This weekend, Leeman and I actually got to leave the house (!) together (!) without the baby (!). It was like a Lenten miracle. We embarked on our exciting excursion in order to attend our friends’ final concert as the geeky musical duo “Debs & Errol“.
We’ve been huge fans of Debs and Errol since their debut performance nearly four years ago. They were a regular part of the annual “Simian Showcase” put on by Leeman’s theatre partners “Monkeyman Poductions.” We use their music in every episode of the world’s best married Christian Geek podcast. (In fact, you can check out our interview with Errol–who leads music at the Anglican Church of the Resurrection–here). There is so much we have loved about D&E, from their affectionate banter, to their quirky lyrics, to their heart-warming tunes. But, perhaps most importantly, they were–like us–geeky at heart. Their songs touched on everything from Star Wars, to Battlestar Galactica, to board games, to narwhals. And they did it with the unashamed joy that being a geek is all about. Lets just say they’ve brought us a lot of happiness.
Hanging out with my fellow geeky kind at Debs and Errol’s concert–singing lyrics that would confound 90% of the population and cheering at fandom in-jokes–I was struck by two things. I love being a geek. And it is so much more fun to be a geek in a crowd of people than it is to be a geek alone.
As I have intimated, I don’t get out much any more. Having a kid will sort of do that to you. But that’s not to say I haven’t found time to indulge occasionally in my favourite geeky obsessions. I still blog about all the TV shows I watch, after all. Over the past year or so, however, I have noticed what at different experience it is to discover a new series on my own, or to follow a currently running show independent of the larger fan community. There was a time I would regularly get together with friends to watch the latest episodes of shows like Lost. And our time became as much about the shared experience of watching the show as it was about the show itself. It may sound strange, but I have very close friendships born out of binge watching episodes of Buffy the Vampire Slayer on DVD. That connection added a level to the “fandom” that cannot be replicated when am sitting alone watching Netflix.
We are creatures who crave connection and community–whether that is through sports teams, or political ideologies, or “fandoms.” Perhaps we geeks feel that need for building communities more acutely because our interests tend to be a little bit more esoteric. So it becomes something special when we say “Farscape” and someone knows what we are talking about. And it is why I feel an instant sense of camaraderie with a room full of total strangers, all celebrating the end of a geeky duo who brought us a lot of happiness.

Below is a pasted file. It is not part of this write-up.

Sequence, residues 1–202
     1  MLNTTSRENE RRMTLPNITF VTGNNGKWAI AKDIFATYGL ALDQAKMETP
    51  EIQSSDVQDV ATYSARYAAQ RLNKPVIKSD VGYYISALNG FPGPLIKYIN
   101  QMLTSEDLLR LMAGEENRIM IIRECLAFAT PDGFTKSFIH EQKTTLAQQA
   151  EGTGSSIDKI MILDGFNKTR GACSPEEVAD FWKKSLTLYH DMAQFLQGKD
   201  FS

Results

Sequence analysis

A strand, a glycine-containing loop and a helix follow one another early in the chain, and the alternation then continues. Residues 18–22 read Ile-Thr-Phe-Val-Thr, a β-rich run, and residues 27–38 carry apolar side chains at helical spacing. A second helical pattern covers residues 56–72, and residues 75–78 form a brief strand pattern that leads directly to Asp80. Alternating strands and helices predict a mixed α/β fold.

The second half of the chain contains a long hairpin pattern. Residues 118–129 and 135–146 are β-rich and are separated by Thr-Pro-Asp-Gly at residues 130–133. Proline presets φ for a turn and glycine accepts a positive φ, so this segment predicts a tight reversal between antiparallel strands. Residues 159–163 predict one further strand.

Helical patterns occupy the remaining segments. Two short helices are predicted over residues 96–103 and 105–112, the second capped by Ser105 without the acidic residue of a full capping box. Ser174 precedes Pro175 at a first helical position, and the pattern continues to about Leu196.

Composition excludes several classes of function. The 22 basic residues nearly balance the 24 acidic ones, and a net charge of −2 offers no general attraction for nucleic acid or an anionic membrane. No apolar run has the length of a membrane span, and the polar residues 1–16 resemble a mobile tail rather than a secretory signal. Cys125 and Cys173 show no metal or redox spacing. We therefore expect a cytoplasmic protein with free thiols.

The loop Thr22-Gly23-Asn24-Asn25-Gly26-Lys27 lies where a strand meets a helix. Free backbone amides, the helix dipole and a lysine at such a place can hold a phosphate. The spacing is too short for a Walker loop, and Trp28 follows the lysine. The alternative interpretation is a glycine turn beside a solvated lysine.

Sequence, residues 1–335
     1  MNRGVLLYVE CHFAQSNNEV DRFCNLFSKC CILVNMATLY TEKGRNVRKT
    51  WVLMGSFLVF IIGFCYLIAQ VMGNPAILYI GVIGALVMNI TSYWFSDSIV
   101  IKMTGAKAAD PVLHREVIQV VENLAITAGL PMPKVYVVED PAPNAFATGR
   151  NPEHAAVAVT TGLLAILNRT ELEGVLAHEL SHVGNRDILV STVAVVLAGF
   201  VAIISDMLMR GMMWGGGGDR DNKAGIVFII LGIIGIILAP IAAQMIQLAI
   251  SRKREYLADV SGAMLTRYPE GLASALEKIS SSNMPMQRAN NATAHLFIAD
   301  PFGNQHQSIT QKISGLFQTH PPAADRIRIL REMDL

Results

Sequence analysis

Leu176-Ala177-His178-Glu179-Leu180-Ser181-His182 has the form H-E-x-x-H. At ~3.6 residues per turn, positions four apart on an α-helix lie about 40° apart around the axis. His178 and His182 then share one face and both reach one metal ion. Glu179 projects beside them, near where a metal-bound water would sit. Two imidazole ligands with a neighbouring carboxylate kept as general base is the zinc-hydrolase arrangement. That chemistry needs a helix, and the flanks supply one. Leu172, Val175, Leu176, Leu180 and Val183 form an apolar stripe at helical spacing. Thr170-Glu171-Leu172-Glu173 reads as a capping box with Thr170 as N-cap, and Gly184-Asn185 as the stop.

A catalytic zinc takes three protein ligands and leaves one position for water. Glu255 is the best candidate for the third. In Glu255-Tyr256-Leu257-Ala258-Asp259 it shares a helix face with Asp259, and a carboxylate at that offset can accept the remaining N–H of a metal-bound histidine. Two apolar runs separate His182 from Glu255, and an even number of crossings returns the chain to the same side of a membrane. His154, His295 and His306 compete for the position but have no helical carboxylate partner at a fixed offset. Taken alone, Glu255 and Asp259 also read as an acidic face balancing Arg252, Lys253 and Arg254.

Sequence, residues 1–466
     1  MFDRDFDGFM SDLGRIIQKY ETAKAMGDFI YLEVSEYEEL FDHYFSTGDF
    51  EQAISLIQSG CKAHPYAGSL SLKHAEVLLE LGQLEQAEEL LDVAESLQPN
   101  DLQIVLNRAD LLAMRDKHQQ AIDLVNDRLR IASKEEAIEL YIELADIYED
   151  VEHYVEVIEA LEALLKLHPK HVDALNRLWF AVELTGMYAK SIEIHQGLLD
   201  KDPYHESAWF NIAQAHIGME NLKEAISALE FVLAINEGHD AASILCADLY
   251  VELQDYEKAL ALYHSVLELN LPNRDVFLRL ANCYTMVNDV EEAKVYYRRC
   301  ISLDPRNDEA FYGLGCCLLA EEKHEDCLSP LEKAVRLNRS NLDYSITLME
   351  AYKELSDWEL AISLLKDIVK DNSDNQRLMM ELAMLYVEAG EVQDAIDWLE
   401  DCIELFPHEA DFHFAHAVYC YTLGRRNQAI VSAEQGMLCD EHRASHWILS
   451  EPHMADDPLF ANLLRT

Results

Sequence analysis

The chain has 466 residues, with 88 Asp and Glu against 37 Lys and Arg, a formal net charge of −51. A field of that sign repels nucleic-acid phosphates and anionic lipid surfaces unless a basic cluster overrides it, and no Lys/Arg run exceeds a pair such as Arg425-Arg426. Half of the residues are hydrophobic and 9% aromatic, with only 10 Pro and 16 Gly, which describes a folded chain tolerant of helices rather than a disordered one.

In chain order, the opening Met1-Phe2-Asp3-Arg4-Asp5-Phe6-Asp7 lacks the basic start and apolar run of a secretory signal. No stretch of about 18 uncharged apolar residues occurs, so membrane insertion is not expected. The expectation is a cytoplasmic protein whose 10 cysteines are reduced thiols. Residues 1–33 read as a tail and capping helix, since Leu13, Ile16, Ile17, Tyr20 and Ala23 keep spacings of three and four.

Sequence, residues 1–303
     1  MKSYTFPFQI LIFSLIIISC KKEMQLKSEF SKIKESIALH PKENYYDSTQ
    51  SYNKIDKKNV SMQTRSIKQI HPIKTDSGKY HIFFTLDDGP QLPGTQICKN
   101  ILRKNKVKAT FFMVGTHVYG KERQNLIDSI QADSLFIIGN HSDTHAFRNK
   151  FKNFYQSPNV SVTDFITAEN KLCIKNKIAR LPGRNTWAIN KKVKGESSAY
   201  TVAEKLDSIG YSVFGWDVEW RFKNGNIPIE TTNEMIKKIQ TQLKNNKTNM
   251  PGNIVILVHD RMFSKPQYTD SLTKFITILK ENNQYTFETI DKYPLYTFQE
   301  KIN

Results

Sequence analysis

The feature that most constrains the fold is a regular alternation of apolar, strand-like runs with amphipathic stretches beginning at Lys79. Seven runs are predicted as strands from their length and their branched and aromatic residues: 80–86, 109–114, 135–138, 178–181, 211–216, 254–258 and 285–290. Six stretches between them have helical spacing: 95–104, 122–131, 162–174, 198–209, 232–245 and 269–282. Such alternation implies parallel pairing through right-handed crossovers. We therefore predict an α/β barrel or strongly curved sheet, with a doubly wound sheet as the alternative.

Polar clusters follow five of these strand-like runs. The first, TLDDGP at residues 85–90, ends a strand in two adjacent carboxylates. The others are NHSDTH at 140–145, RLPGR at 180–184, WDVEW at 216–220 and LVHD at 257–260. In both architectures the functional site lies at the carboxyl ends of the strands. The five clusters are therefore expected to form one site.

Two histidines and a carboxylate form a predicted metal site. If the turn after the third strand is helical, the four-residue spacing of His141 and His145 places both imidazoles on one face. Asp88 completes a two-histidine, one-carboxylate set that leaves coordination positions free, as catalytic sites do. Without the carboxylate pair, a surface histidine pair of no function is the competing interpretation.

Lest this post become merely a meditation on my fangirlish inclinations. It is worth noting that there is an obvious parallel here with respect to our spiritual lives. If we are creatures who desire connection with respect to the various sub-cultures with which we identify — how much more fundamental must community be when it comes to our spiritual identities. There is great significance, for example, to this season of Lent where we fast *together* and prepare *together* for the celebration of Easter. It is far more meaningful to have the support of a community of faith as we take on spiritual disciplines, or abstain from certain foods or behaviours. Far more than if we are purely left to our own devices.
It is fair to say, our world is becoming increasingly individualized. But I think sometimes, it is fair to ask — what is the cost of living in such individual bubbles all the time. When I think of how much joy I experienced at a bizarre, geek music extravaganza Saturday evening, it reminds me that we need community. We need companions on every level of our life’s journey — to enrich us, to challenge us, and … just to have more fun.